Six franchises have not won a division title since 1994. They are:
* Colorado: Has won the Wild Card three times
* Kansas City: Came in second in 1995
* Florida/Miami: Won the Wild Card twice; won the World Series both of those years.
* Toronto: Finished second in 2006
* Montreal/Washington: Finished second in 2002.
Did you know? Since 1994, the New York Yankees have won 13 A.L. East titles. They have never dropped lower than second place the year after winning a division championship.
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Sports Stats ‘on Tapp’ is a biweekly blog published every Wednesday and Sunday with a bonus “SIX STATS…” posting every Friday.
Here’s a quick look at which teams have made the most playoff appearances as a Wild Card team since 1970.
9: Dallas, New York Jets
8: Miami, St. Louis Rams
7: Washington, Denver, New York Giants, Minnesota,
6: Indianapolis, Buffalo, Oakland, Kansas City, Green Bay
5: Detroit, Atlanta, Baltimore
3: Tampa Bay
1: Cincinnati, San Diego, Carolina
0: Houston Texans
Here’s a few more stats re: NFL Wild Card teams…
* The Baltimore Ravens have been an AFC Wild Card in each of the last three seasons.
* These teams have not been a Wild Card team in this century (year listed is their last apperarance as a Wild Card team): Cincinnati, 1975; Oakland, 1993; Chicago, 1994; San Diego, 1995; Arizona, 1998; New England, 1998; Detroit 1999; Buffalo, 1999.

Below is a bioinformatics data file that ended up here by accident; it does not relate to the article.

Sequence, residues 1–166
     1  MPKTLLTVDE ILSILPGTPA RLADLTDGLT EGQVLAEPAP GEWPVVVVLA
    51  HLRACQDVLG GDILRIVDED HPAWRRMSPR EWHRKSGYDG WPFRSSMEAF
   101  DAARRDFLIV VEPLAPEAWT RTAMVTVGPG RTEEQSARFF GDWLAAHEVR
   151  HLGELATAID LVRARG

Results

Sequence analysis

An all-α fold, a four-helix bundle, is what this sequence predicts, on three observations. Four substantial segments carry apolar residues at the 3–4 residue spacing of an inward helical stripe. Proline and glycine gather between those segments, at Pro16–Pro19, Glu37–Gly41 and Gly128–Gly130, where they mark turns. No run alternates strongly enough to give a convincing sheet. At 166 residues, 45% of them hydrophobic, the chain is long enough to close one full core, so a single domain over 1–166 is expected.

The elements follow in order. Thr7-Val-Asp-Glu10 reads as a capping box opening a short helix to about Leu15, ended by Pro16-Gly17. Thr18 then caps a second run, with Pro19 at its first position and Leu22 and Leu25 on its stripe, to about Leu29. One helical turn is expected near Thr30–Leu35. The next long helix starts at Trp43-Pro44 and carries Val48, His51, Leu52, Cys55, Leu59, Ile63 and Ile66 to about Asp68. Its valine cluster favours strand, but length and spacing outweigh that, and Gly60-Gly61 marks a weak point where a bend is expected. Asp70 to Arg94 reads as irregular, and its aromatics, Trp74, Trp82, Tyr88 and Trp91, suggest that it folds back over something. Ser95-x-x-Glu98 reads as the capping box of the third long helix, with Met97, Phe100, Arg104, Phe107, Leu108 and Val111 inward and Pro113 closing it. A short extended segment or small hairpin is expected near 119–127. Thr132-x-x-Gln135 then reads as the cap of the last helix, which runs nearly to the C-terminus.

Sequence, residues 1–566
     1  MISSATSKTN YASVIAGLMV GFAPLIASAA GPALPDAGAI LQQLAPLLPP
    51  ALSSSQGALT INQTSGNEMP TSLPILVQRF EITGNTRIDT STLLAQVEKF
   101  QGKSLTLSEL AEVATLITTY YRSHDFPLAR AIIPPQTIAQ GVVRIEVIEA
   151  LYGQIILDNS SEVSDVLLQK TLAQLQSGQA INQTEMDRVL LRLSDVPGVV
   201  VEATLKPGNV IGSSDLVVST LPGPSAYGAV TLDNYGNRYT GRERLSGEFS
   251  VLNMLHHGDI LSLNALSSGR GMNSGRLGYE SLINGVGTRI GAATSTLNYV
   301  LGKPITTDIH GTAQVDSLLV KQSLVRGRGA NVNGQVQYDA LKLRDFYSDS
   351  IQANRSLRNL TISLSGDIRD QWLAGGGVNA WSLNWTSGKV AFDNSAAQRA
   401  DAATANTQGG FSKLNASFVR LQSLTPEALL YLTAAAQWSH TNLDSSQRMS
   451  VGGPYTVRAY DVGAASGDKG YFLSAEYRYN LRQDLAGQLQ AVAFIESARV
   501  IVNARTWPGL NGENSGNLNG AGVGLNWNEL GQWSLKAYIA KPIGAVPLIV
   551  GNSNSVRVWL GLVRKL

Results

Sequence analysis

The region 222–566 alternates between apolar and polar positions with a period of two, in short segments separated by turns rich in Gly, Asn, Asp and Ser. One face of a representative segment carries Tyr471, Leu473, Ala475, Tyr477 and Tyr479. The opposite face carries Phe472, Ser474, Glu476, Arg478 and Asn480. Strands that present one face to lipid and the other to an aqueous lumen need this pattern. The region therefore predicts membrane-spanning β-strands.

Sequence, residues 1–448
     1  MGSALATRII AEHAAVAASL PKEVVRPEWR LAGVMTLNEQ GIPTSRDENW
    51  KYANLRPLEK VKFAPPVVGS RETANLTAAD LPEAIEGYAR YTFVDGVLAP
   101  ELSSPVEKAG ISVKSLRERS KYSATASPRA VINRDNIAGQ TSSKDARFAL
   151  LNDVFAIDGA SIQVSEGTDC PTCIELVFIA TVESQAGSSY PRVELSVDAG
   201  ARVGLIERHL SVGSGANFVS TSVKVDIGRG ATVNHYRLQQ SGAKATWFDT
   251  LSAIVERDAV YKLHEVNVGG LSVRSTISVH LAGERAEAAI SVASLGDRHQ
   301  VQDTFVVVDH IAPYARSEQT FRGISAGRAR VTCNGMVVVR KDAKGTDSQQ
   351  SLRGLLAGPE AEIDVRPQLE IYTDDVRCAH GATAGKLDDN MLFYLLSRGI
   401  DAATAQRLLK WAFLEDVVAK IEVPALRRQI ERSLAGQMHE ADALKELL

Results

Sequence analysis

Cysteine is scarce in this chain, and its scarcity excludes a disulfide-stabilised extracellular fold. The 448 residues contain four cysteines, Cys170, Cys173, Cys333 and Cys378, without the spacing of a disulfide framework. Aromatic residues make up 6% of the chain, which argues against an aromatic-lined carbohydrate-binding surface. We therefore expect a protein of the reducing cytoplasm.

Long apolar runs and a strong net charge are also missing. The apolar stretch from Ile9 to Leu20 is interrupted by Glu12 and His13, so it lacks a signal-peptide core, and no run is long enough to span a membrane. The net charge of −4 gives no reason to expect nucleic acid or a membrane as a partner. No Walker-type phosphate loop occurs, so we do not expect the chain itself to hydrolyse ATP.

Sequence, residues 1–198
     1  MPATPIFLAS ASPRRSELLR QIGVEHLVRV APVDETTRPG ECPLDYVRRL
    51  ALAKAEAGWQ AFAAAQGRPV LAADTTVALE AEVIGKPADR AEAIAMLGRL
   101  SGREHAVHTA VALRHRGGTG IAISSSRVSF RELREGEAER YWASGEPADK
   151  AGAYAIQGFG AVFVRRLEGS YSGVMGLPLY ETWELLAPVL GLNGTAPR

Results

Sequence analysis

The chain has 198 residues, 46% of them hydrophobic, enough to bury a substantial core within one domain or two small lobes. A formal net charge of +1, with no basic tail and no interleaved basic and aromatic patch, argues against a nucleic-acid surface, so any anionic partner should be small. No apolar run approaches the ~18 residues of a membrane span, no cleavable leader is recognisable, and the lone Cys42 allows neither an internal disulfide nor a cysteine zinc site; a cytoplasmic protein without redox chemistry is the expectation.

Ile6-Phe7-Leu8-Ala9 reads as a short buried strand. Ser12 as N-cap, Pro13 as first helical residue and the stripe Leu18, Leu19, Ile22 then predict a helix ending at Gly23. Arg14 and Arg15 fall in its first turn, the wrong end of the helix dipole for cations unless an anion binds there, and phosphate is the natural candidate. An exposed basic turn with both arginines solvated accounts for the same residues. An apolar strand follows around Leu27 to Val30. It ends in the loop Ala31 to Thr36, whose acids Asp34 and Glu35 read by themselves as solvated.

* These teams have had the most appearances as a Wild Card team in the NFL playoffs since 1990: Philadelphia (7), Green Bay (6), Miami (6), New York Jets (6).
As the Milwaukee Brewers leapfrog back and forth at the top of the N.L. Central division, fans at Miller Park have one big question… and no, it’s not will Prince Fielder re-sign with the club (although that’s probably number two on the list). The big question is: When will this year’s team start winning with some regularity on the road?
Will the Brewers paltry record in away games hurt their chances for their first N.L. Central division title since they moved to the N.L. in 1998 and first in the franchise’s history since 1982? How about a little statistical history to help answer that question.